Journal Article

A search for rapid pulsations in the magnetic cool chemically peculiar star HD 3980*

V. G. Elkin, D. W. Kurtz, L. M. Freyhammer, S. Hubrig and G. Mathys

in Monthly Notices of the Royal Astronomical Society

Published on behalf of The Royal Astronomical Society

Volume 390, issue 3, pages 1250-1257
Published in print November 2008 | ISSN: 0035-8711
Published online October 2008 | e-ISSN: 1365-2966 | DOI:
A search for rapid pulsations in the magnetic cool chemically peculiar star HD 3980*

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The Ap star HD 3980 appears to be a promising roAp candidate based on its fundamental parameters, leading us to search for rapid pulsations with the VLT UV-Visual Echelle Spectrograph (UVES). A precise Hipparcos parallax and estimated temperature of 8100 K place HD 3980 in the middle of the theoretical instability strip for rapidly oscillating Ap stars, about halfway through its main-sequence evolution stage. The star has a strong, variable magnetic field, as is typical of the cool magnetic Ap stars. Dipole model parameters were determined from VLT observations using Focal Reducer and low Dispersion Spectrograph (FORS)1. From Doppler shift measurements for individual spectral lines of rare-earth elements and the Hα line core, we find no pulsations above 20–30 m s−1. This result is corroborated by the inspection of lines of several other chemical elements, as well as with cross-correlation for long spectral regions with the average spectrum as a template. Abundances of chemical elements were determined and show larger than solar abundances of rare-earth elements. Further, ionization disequilibria for the first two ionized states of Nd and Pr are detected. We also find that the star has a strong overabundance of manganese, which is typical for much hotter HgMn and other Bp stars. Line profile variability with the rotation period was detected for the majority of chemical species.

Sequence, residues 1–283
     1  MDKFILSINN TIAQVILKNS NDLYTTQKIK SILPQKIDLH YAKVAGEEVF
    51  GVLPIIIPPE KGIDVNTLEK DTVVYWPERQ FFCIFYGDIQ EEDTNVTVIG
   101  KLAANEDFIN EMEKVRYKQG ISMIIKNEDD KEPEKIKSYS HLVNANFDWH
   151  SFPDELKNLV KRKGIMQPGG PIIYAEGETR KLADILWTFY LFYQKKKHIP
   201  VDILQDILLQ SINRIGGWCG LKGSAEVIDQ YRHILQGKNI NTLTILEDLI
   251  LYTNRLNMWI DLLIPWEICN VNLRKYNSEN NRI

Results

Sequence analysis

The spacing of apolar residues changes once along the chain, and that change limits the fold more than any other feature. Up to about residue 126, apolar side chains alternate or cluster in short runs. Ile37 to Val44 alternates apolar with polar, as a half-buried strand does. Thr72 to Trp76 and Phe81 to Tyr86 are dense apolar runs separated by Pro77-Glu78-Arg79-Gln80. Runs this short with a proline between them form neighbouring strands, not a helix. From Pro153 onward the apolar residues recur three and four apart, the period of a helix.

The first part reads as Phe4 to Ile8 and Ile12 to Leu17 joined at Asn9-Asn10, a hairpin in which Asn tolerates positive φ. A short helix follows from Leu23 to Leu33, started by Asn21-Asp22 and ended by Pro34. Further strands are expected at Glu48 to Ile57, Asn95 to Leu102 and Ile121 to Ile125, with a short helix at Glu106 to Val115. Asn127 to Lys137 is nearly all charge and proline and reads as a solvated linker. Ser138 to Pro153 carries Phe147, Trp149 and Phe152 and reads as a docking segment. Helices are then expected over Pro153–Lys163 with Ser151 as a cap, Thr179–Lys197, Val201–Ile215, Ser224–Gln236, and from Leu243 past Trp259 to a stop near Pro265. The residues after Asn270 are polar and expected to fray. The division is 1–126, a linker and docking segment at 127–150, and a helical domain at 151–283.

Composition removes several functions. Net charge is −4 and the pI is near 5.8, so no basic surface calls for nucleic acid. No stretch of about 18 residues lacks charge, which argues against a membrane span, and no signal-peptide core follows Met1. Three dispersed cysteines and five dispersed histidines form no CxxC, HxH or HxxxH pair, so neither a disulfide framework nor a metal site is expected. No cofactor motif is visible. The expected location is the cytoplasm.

Keywords: stars: individual: HD 3980; stars: magnetic fields; stars: oscillations; stars: variables: other

Journal Article.  5962 words.  Illustrated.

Subjects: Astronomy and Astrophysics

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